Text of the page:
This past Saturday, my son brought home a little puppy who is quickly wagging and nipping her way into our hearts. Last night we elected a new president. It’s bizare to think about, but I wonder which of the two events that happened this week will effect my life more? Of course I know the presidential choice is a much bigger decision than our decision to adopt a puppy. The president of the USA affects the whole world. But that’s not really the question I asked. My question is which will effect me personally more? I really don’t know. But I’m trying not to underestimate the power of the close by, everyday little things; how they effect me, and the effects I can have on others. I probably will never make even a small impact on the world… But I can make a big impact on my neighbor.
My hero of the Fall is the Spider Lilly. They shoot up from the ground, bursting forth with color and life when everything else is drying up and hiding from the coming winter. As I get older, I notice a tendency to want to sink in my cocoon and hide from the world at times. I don’t want to be like that. I want to be like the Spider Lily, bursting out with life, being a blessing to others even as winter approaches. While the tree leaves are turning their muted colors of drying death, the Spider Lily explodes with the vibrant color of life. He is not afraid of the coming cold. With his fiery red voice he simply tells Winter, “Not yet. Life is still here!”. And what a beautiful life it is, made all the more special because of the time of its blooming.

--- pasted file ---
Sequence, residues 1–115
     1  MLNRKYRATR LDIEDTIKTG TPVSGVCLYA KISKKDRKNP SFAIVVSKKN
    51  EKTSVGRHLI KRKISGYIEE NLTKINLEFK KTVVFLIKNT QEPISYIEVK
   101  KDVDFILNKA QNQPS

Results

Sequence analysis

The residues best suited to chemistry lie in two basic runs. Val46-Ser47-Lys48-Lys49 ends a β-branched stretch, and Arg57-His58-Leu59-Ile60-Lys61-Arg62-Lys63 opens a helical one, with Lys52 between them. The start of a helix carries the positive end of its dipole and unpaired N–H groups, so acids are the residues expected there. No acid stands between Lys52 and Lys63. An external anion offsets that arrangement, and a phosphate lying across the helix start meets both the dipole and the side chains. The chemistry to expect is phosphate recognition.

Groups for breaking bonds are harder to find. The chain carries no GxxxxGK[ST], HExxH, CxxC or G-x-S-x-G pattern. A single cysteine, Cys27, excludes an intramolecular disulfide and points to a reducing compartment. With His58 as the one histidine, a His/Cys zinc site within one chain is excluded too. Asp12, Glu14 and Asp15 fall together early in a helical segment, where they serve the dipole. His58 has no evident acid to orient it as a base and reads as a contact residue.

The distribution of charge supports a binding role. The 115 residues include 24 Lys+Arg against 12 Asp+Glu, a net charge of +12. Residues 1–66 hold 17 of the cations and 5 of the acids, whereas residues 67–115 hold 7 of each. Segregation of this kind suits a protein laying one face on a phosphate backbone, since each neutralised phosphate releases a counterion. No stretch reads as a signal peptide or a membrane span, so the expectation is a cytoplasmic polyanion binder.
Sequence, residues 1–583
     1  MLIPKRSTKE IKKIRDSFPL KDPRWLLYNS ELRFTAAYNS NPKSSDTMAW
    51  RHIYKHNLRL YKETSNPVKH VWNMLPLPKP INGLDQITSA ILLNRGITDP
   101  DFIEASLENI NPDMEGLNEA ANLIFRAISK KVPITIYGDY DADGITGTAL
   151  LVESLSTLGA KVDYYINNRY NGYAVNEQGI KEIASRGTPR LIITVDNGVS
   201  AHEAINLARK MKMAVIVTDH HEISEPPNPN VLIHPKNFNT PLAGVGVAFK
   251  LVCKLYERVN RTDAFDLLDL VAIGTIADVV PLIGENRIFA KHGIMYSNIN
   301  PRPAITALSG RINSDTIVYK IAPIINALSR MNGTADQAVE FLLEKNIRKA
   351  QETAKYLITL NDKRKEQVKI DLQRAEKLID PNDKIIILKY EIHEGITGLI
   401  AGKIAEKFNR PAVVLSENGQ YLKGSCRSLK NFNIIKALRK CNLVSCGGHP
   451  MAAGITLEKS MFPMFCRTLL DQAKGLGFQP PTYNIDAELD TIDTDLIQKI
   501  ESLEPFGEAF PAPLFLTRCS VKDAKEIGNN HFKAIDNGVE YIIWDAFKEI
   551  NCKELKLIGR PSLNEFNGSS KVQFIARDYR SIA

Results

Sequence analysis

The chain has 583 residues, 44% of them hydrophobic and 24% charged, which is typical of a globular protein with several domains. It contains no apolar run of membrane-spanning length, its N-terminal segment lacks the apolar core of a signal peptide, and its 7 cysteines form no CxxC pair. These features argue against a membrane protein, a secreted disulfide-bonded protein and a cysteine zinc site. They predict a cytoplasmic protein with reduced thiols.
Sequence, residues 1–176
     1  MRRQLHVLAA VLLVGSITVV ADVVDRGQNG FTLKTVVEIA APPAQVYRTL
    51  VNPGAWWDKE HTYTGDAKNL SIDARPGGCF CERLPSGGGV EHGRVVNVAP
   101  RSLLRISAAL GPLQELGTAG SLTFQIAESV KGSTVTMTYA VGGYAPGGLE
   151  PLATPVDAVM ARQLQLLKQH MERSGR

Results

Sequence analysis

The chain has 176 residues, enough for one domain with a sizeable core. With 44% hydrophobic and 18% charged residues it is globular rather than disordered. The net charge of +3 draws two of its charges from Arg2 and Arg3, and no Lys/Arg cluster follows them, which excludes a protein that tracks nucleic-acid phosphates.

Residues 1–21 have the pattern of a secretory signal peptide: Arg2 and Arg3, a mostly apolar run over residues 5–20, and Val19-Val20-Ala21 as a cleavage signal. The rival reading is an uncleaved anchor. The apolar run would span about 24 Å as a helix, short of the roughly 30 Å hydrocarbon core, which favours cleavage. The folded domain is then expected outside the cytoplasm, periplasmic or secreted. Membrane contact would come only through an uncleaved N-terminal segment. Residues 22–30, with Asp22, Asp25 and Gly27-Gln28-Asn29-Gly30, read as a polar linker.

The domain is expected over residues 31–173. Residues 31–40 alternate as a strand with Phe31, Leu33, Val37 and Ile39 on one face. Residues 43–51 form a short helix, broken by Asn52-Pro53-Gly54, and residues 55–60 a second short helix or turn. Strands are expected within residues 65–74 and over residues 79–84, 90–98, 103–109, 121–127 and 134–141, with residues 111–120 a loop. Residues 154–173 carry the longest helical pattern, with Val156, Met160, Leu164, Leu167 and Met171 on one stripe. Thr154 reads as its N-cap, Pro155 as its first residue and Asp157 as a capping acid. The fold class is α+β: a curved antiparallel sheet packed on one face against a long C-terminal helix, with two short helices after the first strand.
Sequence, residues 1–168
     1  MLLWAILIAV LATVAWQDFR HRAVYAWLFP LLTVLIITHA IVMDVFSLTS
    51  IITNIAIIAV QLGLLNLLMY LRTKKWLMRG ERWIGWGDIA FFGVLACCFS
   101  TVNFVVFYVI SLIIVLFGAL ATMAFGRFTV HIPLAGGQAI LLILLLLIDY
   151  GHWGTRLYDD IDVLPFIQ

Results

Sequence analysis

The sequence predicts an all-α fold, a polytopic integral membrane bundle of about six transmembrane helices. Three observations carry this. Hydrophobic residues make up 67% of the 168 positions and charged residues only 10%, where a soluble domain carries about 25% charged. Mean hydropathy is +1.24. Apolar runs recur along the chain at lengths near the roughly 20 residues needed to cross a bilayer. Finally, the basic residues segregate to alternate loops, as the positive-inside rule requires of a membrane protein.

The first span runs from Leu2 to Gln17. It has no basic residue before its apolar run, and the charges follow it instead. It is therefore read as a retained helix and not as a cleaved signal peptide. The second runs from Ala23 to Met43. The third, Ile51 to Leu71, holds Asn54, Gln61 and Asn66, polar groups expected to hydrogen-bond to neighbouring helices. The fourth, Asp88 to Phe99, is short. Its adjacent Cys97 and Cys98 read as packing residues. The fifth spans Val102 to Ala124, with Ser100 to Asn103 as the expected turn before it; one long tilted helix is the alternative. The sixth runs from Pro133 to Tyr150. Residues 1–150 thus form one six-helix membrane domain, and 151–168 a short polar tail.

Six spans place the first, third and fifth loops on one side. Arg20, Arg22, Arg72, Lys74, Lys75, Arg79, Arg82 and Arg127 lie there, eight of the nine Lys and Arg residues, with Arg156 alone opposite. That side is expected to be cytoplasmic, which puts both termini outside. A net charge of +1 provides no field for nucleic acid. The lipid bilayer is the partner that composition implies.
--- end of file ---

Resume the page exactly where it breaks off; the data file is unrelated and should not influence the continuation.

I’m sitting on a plane, waiting on a guy to finish making a repair, so we can take off. He’s “fixing” the problem with . . . tape. It doesn’t even look like duct tape. It looks more like packing tape. Is it just me, or would it make you nervous to fly on a plane that was just repaired with packing tape?
For some strange reason, it reminds me of the pregnancy test I saw for sale at the Dollar Store. I don’t trust million dollar airliner repairs done with packing tape any more than I would a pregnancy test I bought at the Dollar Store.
Some things just don’t fit well in the philosophy of the-cheaper-the-better. I want my doctor to be the one people pay a lot to get. I want my airline mechanic to use the best, not the quickest or cheapest method to repair the plane, and if my girl feels she needs to take a pregnancy test, I certainly want her to pay more than a dollar for it.
Some things are too important to take the easiest or cheapest route. I can’t tell you how to know what those things are, but I can tell you to be on the look out for them.
“Enter through the narrow gate, because the gate is wide and the way is spacious that leads to destruction, and there are many who enter through it. But the gate is narrow and the way is difficult that leads to life, and there are few who find it.
Matthew 7:13-14 NET http://bible.com/107/mat.7.13-14.NET
I’m sitting in the middle seat of a B757, enduring a 4.5 hour flight from San Francisco to Atlanta. Somewhere one or two rows back from my luxurious accommodations in seat 40E, a young child has been crying or whining for most of the trip. I can relate.
The kid is uncomfortable, tired, board, and he doesn’t understand what is going on. The parents try to console the child. Daddy holds him tight. He provides food and drink. A blanket. Tries to entertain at times. Other times, he is stern, letting the child know he needs to quit whining and crying. Still he screams and complains, spouting a high pitched call to “Daddy” then screaming unintelligible baby objections for all the world to hear. It doesn’t solve his situation. It only makes him and those around him more miserable.